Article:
There was a day when I didn’t think I’d make it to 22. There were a lot of days when I didn’t think I would make it to 22. I was first hospitalized for anorexia when I was 17. After a year of slowly starving to further and yet further emaciation, my heart had given up. I went to an inpatient clinic once I was stable enough to leave the children’s hospital, and then cheated at my final weigh-in so that I could graduate from program only to start losing all the weight I’d had to gain. I came back to high school halfway through my senior year and eventually, I considered myself in recovery. That lasted about 5 minutes. I relapsed; I relapsed hard. I hit a lower bottom than the first and nearly died, again.
Today I can get through meals without anxiety attacks. I can eat over 100 calories in a sitting without feeling like I’ve committed some vile act to be ashamed of. For those who have been fortunate not to suffer with an eating disorder, feeling disgusted with yourself for eating a single blueberry probably seems very strange. Absurd, mind-boggling, insane even. It is insane. It is insane that a person’s biology would betray them. It is absurd that my mind would warp my survival mechanisms and drive me to avoid the very thing needed to sustain my existence. It’s so strange that before recovery I never thought I could ever have the strength to challenge it. Your mind working against you is an excruciatingly powerful experience to overcome. It’s so consuming and so terrifying that I didn’t think I could ever get out alive. I spent too many years being afraid of a fate that I didn’t choose – and one that I didn’t believe I had any control over.
Your mind working against you is an excruciatingly powerful experience to overcome.
This August marks one year that I have been in recovery from anorexia. This December will also mark my 23rd birthday. After several hospitalizations and 5 brutal years, I am happier and healthier than I ever thought possible. I am truly in love with life – in love with adventure, in love with new experiences and in love with the possibility that each day holds.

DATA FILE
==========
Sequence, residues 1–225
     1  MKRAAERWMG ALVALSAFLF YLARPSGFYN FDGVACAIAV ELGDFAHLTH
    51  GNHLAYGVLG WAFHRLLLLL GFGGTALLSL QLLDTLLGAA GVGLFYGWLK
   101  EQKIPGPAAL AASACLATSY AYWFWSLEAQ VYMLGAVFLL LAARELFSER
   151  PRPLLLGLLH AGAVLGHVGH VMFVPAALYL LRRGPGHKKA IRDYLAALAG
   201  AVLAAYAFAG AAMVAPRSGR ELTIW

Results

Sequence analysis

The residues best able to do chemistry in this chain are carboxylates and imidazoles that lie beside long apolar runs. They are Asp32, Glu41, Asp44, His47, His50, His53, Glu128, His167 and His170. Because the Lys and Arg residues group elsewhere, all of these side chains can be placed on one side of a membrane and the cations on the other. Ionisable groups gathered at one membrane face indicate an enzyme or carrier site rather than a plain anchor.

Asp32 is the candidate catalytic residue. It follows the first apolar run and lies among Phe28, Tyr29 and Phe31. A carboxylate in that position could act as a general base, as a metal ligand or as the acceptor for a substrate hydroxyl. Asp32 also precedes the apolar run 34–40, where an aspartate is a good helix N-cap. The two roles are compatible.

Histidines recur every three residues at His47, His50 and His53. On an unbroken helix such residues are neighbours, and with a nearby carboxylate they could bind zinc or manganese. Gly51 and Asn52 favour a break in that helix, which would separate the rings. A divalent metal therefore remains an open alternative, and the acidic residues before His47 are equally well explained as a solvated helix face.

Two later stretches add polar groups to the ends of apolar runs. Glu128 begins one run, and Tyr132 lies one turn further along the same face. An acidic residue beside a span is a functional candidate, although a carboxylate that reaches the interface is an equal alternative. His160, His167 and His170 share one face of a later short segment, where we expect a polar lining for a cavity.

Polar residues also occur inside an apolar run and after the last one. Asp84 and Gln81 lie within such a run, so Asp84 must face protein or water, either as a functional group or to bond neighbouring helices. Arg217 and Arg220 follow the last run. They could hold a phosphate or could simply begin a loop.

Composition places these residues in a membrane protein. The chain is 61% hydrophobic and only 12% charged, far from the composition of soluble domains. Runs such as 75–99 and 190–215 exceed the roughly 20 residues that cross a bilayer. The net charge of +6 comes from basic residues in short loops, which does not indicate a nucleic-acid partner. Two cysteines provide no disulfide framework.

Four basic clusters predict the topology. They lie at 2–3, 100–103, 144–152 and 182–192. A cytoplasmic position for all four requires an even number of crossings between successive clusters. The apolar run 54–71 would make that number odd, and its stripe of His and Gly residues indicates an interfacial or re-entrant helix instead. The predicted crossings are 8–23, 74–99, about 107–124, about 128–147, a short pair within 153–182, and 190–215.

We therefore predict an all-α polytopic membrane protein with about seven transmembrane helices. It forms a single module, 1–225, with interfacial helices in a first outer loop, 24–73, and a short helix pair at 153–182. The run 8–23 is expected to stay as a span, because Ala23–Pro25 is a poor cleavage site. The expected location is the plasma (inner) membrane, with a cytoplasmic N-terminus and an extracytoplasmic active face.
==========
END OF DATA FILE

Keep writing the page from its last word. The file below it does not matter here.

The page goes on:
It has taken an immense amount of hard work to get to where I am today. It has been a trying, taxing, enlightening, humbling and ultimately life-changing road. Along with the one-year milestone comes a lot of reflection on what recovery means to me – how I define it and what I need to stay in it.
Here are 7 lessons that I have learned in recovery:
1. Victory does not mean a cure.
Someone once told me that I haven’t actually beaten my eating disorder until the unhealthy thoughts are completely gone. Of course, he said it in much meaner words and with palpable condescension. For years it shaped my view of recovery and victory over my eating disorder. I’m proud to say that I no longer let anyone else define recovery for me. Victory over anorexia does not mean that I will never have unhealthy thoughts – that food will never scare me or that I will never have a bad day. Victory over my eating disorder is looking it straight in the face and saying, “No, bitch. Not today.” Victory is not silence, it is hearing that unhealthy voice and choosing to fight it. I didn’t wake up one day and choose to develop anorexia, so I have no expectation of waking up one day and being able to turn it completely off. To tell me that I haven’t succeeded unless I do is ridiculous. It’s far stronger to defy unhealthiness than to live a healthy life with no challenge to the contrary.
2. Some days will be harder than others.
That sounds obvious. It’s a cliché, but it persists for a reason – because it’s true. Some days are like a series of tidal waves crashing over me, threatening to pull me back into the depths of anorexia and drown me there. Some days, weight restoration makes me feel like the walls of my throat are closing in and that I will suffocate to death. Those days still come. Recovery doesn’t mean that I am totally out of the woods. It is a fight to stay in recovery, but the more I fight, the less and less I experience those dark days. Most days are challenging but not overwhelming. Most days, I can smile and laugh and joke and celebrate life despite eating three meals. Most days, I am happy and joyful and unashamed. Recovery means more good days. More great days.
3. Anxiety won’t actually kill me.